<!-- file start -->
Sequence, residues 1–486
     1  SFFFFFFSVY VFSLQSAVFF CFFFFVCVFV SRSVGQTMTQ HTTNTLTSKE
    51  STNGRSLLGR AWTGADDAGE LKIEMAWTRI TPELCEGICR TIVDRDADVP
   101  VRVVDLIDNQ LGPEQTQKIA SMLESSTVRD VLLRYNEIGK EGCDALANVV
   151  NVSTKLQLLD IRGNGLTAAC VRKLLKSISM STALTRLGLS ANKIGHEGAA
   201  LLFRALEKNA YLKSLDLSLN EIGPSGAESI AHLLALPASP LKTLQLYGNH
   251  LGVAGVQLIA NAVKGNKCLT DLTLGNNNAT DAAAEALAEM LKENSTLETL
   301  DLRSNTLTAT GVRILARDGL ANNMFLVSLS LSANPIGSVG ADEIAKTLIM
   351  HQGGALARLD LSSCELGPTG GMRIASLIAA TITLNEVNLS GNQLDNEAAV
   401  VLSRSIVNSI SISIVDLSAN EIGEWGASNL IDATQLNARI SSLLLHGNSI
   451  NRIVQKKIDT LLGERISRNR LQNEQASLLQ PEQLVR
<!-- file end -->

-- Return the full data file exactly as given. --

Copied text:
Sequence, residues 1–486
     1  SFFFFFFSVY VFSLQSAVFF CFFFFVCVFV SRSVGQTMTQ HTTNTLTSKE
    51  STNGRSLLGR AWTGADDAGE LKIEMAWTRI TPELCEGICR TIVDRDADVP
   101  VRVVDLIDNQ LGPEQTQKIA SMLESSTVRD VLLRYNEIGK EGCDALANVV
   151  NVSTKLQLLD IRGNGLTAAC VRKLLKSISM STALTRLGLS ANKIGHEGAA
   201  LLFRALEKNA YLKSLDLSLN EIGPSGAESI AHLLALPASP LKTLQLYGNH
   251  LGVAGVQLIA NAVKGNKCLT DLTLGNNNAT DAAAEALAEM LKENSTLETL
   301  DLRSNTLTAT GVRILARDGL ANNMFLVSLS LSANPIGSVG ADEIAKTLIM
   351  HQGGALARLD LSSCELGPTG GMRIASLIAA TITLNEVNLS GNQLDNEAAV
   401  VLSRSIVNSI SISIVDLSAN EIGEWGASNL IDATQLNARI SSLLLHGNSI
   451  NRIVQKKIDT LLGERISRNR LQNEQASLLQ PEQLVR